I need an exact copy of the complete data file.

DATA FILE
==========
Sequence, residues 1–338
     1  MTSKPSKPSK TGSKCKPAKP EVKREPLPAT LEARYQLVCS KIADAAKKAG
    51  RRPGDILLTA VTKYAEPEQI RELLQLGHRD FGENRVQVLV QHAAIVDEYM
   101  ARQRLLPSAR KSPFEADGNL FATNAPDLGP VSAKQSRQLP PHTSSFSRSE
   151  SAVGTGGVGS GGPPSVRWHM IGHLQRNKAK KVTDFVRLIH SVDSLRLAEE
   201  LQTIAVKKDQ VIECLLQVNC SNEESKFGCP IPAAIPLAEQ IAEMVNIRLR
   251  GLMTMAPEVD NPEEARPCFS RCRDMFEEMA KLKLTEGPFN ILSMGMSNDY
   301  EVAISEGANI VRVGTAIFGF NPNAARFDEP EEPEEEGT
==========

Sequence, residues 1–338
     1  MTSKPSKPSK TGSKCKPAKP EVKREPLPAT LEARYQLVCS KIADAAKKAG
    51  RRPGDILLTA VTKYAEPEQI RELLQLGHRD FGENRVQVLV QHAAIVDEYM
   101  ARQRLLPSAR KSPFEADGNL FATNAPDLGP VSAKQSRQLP PHTSSFSRSE
   151  SAVGTGGVGS GGPPSVRWHM IGHLQRNKAK KVTDFVRLIH SVDSLRLAEE
   201  LQTIAVKKDQ VIECLLQVNC SNEESKFGCP IPAAIPLAEQ IAEMVNIRLR
   251  GLMTMAPEVD NPEEARPCFS RCRDMFEEMA KLKLTEGPFN ILSMGMSNDY
   301  EVAISEGANI VRVGTAIFGF NPNAARFDEP EEPEEEGT